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The U.N. wants to take over control of the Internet


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  • The U.N. wants to take over control of the Internet

    It sounds like a Tom Clancy plot. An anonymous group of international technocrats holds secretive meetings in Geneva. Their cover story: devising a blueprint to help the developing world more fully participate in the digital revolution. Their real mission: strategizing to take over management of the Internet from the U.S. and enable the United Nations to dominate and politicize the World Wide Web. Does it sound too bizarre to be true? Regrettably, much of what emanates these days from the U.N. does.

    The Internet faces a grave threat. We must defend it. We need to preserve this unprecedented communications and informational medium, which fosters freedom and enterprise. We can not allow the U.N. to control the Internet.

    The threat is posed by the U.N.-sponsored World Summit on the Information Society taking place later this month in Tunisia. At the WSIS preparatory meeting weeks ago, it became apparent that the agenda had been transformed. Instead of discussing how to place $100 laptops in the hands of the world's children, the delegates schemed to transfer Internet control into the hands of intrigue-plagued bureaucracies.

    The low point of that planning session was the European Union's shameful endorsement of a plan favored by China, Iran, Saudi Arabia and Cuba that would terminate the historic U.S. role in Internet government oversight, relegate both private enterprise and non-governmental organizations to the sidelines, and place a U.N.-dominated group in charge of the Internet's operation and future. The EU's declaration was a "political coup," according to London's Guardian newspaper, which predicted that once the world's governments awarded themselves control of the Internet, the U.S. would be able to do little but acquiesce.
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    Re: The U.N. wants to take over control of the Internet

    National Taxpayer Union Press Release

    ALEXANDRIA, Va., Nov. 14 -- As United Nations (UN) officials meet tomorrow in Tunisia to plot strategies for a new worldwide Internet governance structure, an "Issue Brief" from the 350,000-member National Taxpayers Union (NTU) warns that such schemes could choke political freedoms and soak taxpayers.

    "After so many conspiracy hoaxes over the years, there is now a serious, ominous effort to replace the efficient and adaptable non-profit entity guiding the Internet with a new UN-sponsored agency," said NTU Government Affairs Manager and Issue Brief author Kristina Rasmussen.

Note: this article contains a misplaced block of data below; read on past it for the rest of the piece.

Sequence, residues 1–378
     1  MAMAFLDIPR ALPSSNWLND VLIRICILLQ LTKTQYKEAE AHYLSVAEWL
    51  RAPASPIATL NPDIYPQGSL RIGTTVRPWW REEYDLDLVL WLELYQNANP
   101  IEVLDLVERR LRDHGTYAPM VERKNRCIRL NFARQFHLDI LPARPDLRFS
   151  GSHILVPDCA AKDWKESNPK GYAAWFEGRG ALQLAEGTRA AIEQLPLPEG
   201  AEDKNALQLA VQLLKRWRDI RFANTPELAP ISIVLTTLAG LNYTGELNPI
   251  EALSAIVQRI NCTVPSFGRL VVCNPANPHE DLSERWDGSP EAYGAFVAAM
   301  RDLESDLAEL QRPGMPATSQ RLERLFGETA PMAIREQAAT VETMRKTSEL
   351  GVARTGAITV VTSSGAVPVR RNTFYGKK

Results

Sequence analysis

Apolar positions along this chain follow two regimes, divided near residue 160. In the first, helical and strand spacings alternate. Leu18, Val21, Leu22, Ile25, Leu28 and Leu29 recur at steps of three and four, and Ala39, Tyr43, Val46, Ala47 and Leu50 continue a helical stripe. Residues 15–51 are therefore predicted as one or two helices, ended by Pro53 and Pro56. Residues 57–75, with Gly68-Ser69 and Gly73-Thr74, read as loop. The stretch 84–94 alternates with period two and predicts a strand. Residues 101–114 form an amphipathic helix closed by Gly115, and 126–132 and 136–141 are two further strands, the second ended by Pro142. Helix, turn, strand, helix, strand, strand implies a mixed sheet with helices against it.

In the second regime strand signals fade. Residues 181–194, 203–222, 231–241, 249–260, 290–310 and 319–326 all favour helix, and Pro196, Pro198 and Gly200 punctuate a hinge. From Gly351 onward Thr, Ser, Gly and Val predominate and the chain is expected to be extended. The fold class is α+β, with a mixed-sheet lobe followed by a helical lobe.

Rasmussen's study traces the push for a government-dominated online environment to the Working Group on Internet Governance (WGIG), created by the UN in response to detractors of the current, US-based International Corporation for Assigned Names and Numbers (ICANN). As the author notes, the advertised reasons for this proposal - increasing access and receiving global input -seem to be masking some less noble motives and outcomes:

    -- Censorship. Despite having made a declaration of support for freedom of speech, many WGIG members come from nations that severely curtail this right; China, for example, has one of the most restrictive and sophisticated Internet control mechanisms in the world. Just as other UN bodies have been "co-opted" by non- democratic governments, "an 'International Internet Commission' chaired by China might not be far off," Rasmussen observed.

    -- Taxes. Since the Internet's infancy the UN has crafted detailed proposals to tax online traffic. Rasmussen calculates that one 1999 plan for a "bit tax," adjusted for today's number of Internet users, would raise 12 trillion dollars this year - roughly equal to America's Gross Domestic Product. Even less ambitious money-raising models such as the independent, Switzerland-based "Digital Solidarity Fund" could feasibly be transformed into future collectors of compulsory Internet taxes and fees.

    -- Bureaucratic Corruption. Given recent oil-for-food scandals, UN-style Internet agencies would present the inherent risk of "giving ruling members of regimes in the developing world shiny new computers rather than furnishing the poor with Internet access," Rasmussen said.

    Although the US State Department (and more recently federal lawmakers) are moving to oppose a UN Internet takeover, and ICANN officials are advocating privatization, the author contends that vigorous opposition to WGIG's plans from taxpayers around the world is vital.

    "Manipulating Internet content through an internationalized, tax-funded structure may be an attractive outcome for politicians seeking to suppress dissent and prop up financially ailing bureaucracies, but not for friends of economic and information freedom," Rasmussen concluded. "The concept of international Internet governance should be rejected, and the proposals of the WGIG report moved to where they belong - the 'trash' bin of every policymaker's computer."
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